Global Development Institute Blog

By Lina Khraise

The Development Studies Association Annual Conference is being hosted by the Global Development Institute from 27-29th June. The conference will focus on inequalities. Ahead of the conference, we are running a series of blogs from attendees looking at the key issues and debates around inequalities.

Jordan has one of the lowest rates of female participation in the workforce, currently between 12 and 15 percent in the formal sector and 40 percent in the informal sector. There are many impediments to women’s economic participation. Issues of lack of childcare, transport and employer discrimination are often cited. Yet, despite improvements in social security and some labour laws, one of the most pervasive and underpinning issues is that of gender norms. While women are well educated, the societal perspective is that the main role is to become a wife and mother only, and their work is seen as temporary and even unnecessary.

However, norms are not static and not all women face the same challenges. One interesting case is how Jordanian women working in non-traditional jobs interact with gender norms (that is, jobs associated with stereotypical masculine traits or jobs that go against cultural gender norms, such as nurses working night shifts).

Conform or deviate?

In the first place, what encourages women to work in non-traditional jobs? Reasons differ by class – for some it was financial necessity, or attaining more cultured lifestyles, and for others it was maintaining their class position.

We find that femininity and class are the cornerstones to whether women ‘conform’ or ‘deviate’. Even in non-traditional work, the boundaries of gender norms may not be fully challenged.

There are degrees to which women may conform or deviate where enclaves are created in response to interactions with family, male colleagues and class. There are some clear ideas about what kind of work is respectable – for example, engineering is still acceptable even if it is a male dominated occupation as work can still be undertaken in a comfortable office space. Working as a taxi driver is less acceptable. Certain conditions that preserve femininity such as driving female customers only, or driving pink taxis are often suggested as ways to make it more acceptable. These are enclaves which act to preserve gender norms, despite being situated in non-traditional work.

However, whether intentionally or unintentionally, these enclaves are being subversively used to transform domestic gender relations and as such could have longer term consequences. While existing social norms may not allow much room to manoeuvre, or allow all women to access these jobs on their own terms, we see how the concept of enclaves allow women to work within existing confines and find cracks to exploit.

For those who directly challenge gender norms, their dexterity has to be proven to the highest level. If mistakes are made, they are remembered. Likewise, achievements are remembered and distinguished.

Achieving social change?

We begin to see changes in gender relations, and even creating the chance for solidarity across different classes. For example, women plumbers who come from various socioeconomic backgrounds support each other and simultaneously challenge gender norms.

More role models, equal pay and a look to other countries could help achieve such social change. The issue is not only that women don’t participate or leave the labour market early, but that there is a broader policy issue. If we say that women are leaving the labour market around the age of having children and imply that providing childcare is a good enough solution, then this only focuses on practical needs.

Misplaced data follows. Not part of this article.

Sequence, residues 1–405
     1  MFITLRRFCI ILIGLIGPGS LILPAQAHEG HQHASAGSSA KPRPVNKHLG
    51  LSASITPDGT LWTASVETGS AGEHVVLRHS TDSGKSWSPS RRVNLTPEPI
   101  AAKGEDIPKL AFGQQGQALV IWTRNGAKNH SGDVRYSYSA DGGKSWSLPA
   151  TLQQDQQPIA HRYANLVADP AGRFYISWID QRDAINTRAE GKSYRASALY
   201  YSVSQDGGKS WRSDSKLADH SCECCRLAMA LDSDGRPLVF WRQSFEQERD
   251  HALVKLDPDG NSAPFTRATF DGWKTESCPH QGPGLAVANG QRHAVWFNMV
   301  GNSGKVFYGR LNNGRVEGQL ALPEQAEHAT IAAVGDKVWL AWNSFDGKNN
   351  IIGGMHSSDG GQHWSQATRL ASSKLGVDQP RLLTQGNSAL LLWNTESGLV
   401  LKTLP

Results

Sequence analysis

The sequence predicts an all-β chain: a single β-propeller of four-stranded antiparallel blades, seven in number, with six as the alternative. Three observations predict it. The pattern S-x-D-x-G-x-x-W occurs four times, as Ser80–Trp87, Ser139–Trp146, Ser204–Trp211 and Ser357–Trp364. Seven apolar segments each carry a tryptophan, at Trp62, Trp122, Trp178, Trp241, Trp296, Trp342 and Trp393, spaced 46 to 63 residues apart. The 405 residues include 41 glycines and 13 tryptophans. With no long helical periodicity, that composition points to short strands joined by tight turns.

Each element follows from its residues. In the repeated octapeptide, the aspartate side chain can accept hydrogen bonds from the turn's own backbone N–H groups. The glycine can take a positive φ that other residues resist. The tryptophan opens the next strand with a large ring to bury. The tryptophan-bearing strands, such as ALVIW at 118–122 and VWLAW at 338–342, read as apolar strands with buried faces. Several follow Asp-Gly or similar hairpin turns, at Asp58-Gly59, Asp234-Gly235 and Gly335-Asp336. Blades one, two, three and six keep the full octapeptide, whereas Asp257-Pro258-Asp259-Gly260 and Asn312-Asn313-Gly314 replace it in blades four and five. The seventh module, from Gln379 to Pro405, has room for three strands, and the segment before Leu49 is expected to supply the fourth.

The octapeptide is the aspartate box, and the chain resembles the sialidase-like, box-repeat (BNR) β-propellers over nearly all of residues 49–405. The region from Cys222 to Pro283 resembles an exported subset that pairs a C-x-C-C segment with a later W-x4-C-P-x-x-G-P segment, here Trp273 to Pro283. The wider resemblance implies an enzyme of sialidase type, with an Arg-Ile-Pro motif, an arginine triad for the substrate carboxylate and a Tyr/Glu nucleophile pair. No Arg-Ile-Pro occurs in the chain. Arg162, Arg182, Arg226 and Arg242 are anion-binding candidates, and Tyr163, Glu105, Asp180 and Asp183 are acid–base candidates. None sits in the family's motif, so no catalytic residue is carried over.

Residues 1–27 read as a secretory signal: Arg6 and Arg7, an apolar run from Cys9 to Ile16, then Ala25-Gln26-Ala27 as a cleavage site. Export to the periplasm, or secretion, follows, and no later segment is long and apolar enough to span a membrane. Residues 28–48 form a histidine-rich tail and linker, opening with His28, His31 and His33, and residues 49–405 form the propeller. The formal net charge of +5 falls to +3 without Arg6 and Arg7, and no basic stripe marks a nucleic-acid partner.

Jordan should consider policies that empower women and truly transform lives. To do so, solutions need to go beyond practical needs and look at what is strategic. We need:

  • policies that consider career transitions after maternity,
  • work-life balance for both women and men– to involve fathers in caring for children and housework reduces dual work burden in household (a two day paternity leave was only enacted as recent as February 2018, while an important step, is only the start),
  • flexible work hours, including working from home
  • targeted attitudinal change for men and women from an early age, through championing of women-run businesses, showcasing strategies, successes and leaders in these areas, plus cross-class solidarity

So yes, Jordanian women are pushing for a change in gender norms through their individual careers, where possible. Yet policies are necessary to support these efforts.

About the research: Lina’s research looks at how women navigate their motives and careers in non-traditional work with regards to norms. Forty-two women from various occupations, socioeconomic classes and formal and informal sectors in Amman, Jordan were interviewed. Vignettes were presented to encourage discussion on topics of job choice, norms about women in the workplace and work experience. The interviews revealed that through daily interactions women negotiate with families, male colleagues and institutionalised norms to change perceptions about suitable sectors and work hours. The extent that the women navigated their careers around these structural factors differed by class, occupation and sector. Where some women found niches in their area of work and created enclaves that complied with social norms, other women chose to further engage in non-traditional work and directly challenged social norms by entering construction worksites, working in male dominated workplaces and taking on night shifts.

Lina Khraise will be speaking in Room E6: Wed 27th June, 14:00-15:30, 16:00-17:30

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